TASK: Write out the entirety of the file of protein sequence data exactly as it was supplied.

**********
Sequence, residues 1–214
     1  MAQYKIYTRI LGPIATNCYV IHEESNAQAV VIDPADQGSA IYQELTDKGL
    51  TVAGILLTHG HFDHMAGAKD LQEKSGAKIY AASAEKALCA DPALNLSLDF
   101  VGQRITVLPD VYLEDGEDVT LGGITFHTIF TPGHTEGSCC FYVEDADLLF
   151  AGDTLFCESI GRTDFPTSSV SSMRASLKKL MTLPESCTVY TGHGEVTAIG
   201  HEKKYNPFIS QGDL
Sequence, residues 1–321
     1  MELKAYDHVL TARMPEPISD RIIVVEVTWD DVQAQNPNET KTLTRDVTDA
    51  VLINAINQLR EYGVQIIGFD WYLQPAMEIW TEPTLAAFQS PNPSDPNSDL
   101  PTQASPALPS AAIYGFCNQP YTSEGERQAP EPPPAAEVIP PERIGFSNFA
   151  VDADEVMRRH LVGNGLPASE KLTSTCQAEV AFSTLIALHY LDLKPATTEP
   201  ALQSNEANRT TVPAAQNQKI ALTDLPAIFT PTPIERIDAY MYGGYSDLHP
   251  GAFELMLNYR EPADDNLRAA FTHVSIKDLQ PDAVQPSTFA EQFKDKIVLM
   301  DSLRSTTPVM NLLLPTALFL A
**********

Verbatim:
Sequence, residues 1–214
     1  MAQYKIYTRI LGPIATNCYV IHEESNAQAV VIDPADQGSA IYQELTDKGL
    51  TVAGILLTHG HFDHMAGAKD LQEKSGAKIY AASAEKALCA DPALNLSLDF
   101  VGQRITVLPD VYLEDGEDVT LGGITFHTIF TPGHTEGSCC FYVEDADLLF
   151  AGDTLFCESI GRTDFPTSSV SSMRASLKKL MTLPESCTVY TGHGEVTAIG
   201  HEKKYNPFIS QGDL
Sequence, residues 1–321
     1  MELKAYDHVL TARMPEPISD RIIVVEVTWD DVQAQNPNET KTLTRDVTDA
    51  VLINAINQLR EYGVQIIGFD WYLQPAMEIW TEPTLAAFQS PNPSDPNSDL
   101  PTQASPALPS AAIYGFCNQP YTSEGERQAP EPPPAAEVIP PERIGFSNFA
   151  VDADEVMRRH LVGNGLPASE KLTSTCQAEV AFSTLIALHY LDLKPATTEP
   201  ALQSNEANRT TVPAAQNQKI ALTDLPAIFT PTPIERIDAY MYGGYSDLHP
   251  GAFELMLNYR EPADDNLRAA FTHVSIKDLQ PDAVQPSTFA EQFKDKIVLM
   301  DSLRSTTPVM NLLLPTALFL A